New form of carbon created
Aug 7, 2009 1 comment
Researchers in the US and France have found what they claim is a new form of carbon. The new material is made from layers of graphene -- sheets of carbon atoms just one atom thick -- stacked on top of one another in such a way that each layer is electronically independent. The researchers claim that the material, dubbed multilayer epitaxial graphene (MEG), could be used in carbon electronics instead of costly single and double layer graphene sheets.
Graphene was first isolated only five years ago by exfoliating individual atomic layers from graphite by using transparent sticky tape. Since then graphene has amazed physicists with its high conductance at room temperature and with a breaking strength 200 times greater than steel making it one of the strongest materials ever tested.
Edward Conrad from the Georgia Institute of Technology and colleagues have now grown graphene layers from a silicon carbide substrate in such a way that each layer is rotated by 30 degrees with respect to the lower layers. This MEG differs from naturally occurring graphite where each layer is rotated by 60 degrees with respect to the lower layers.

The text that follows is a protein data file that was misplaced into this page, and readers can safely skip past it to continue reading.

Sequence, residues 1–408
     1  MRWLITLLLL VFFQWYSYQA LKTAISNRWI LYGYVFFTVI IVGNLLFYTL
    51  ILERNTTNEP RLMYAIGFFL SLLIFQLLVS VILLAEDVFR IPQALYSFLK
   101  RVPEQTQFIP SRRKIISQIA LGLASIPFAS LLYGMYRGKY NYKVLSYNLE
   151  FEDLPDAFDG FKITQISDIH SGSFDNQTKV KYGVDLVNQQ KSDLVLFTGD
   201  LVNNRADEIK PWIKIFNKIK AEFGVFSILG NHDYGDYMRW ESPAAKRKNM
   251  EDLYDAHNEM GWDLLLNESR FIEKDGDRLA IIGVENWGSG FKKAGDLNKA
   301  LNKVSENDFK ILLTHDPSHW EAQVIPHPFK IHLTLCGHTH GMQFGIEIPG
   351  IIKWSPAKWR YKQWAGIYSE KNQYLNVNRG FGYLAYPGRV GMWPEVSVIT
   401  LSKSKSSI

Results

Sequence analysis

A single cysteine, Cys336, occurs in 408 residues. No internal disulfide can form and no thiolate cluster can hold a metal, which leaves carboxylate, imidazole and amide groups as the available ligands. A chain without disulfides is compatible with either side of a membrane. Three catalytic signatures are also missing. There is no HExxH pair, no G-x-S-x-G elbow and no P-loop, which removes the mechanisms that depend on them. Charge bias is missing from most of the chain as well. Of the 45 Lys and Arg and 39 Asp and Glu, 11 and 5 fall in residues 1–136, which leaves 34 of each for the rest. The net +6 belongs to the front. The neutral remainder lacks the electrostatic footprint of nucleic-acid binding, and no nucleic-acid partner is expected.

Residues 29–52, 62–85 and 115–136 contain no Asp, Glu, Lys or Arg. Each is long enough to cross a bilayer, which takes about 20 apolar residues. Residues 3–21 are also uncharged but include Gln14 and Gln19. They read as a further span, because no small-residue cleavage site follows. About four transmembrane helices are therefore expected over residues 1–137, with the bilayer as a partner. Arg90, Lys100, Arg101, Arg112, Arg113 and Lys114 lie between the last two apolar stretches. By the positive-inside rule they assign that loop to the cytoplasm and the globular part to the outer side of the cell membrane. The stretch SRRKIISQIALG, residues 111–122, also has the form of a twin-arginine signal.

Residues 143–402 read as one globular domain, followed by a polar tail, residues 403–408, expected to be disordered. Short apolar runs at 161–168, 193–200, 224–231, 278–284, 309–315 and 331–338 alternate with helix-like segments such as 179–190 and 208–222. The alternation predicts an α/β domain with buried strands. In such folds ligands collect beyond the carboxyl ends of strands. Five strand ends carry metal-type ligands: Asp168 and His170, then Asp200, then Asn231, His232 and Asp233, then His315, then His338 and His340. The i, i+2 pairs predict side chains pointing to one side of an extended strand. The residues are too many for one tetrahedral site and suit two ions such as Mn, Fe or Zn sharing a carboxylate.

“With the stacking we see in natural graphite, which results in a special coupling between the layers, it seems like nature has managed to stack graphene sheets in a way that is not useful for electronics at all,” says Conrad.
The researchers performed X-ray scattering and Angle Resolved Photoemission (ARPES) spectroscopy on a sample of MEG with 11 layers of graphene to measure its electronic structure. They found that the electron energy in a certain part of the band structure is proportional to its momentum giving the indication that the electrons behave like massless particles.
“This perfectly linear band structure, known as a Dirac cone, has not been so clearly measured before on other samples of graphene,” says Conrad. Using ARPES, Conrad and colleagues saw no distortion of the Dirac cone, which they conclude shows there is no electron coupling to other layers in the sample and thus each layer is electronically isolated.
Although the researchers are just beginning to understand why the layers in a MEG sample do not couple with each other given that they are chemically bonded, they claim that these unique properties could be used as a basis for carbon electronics instead of single or double-layer graphene films, which are tricky and costly to isolate.
Another advantage of epitaxial graphene is that it can be manufactured on a large scale. Graphene is relatively inexpensive to grow epitaxially, as in the case of MEG, being dominated by the price of silicon carbide, which costs about $100 per centimetre square to manufacture. This, according to Conrad, is still a million times less than making exfoliated graphene. The researchers are now attempting to make high speed transistors from MEG.
This research has been published on the arXiv preprint server.
About the author
Michael Banks is news editor of Physics World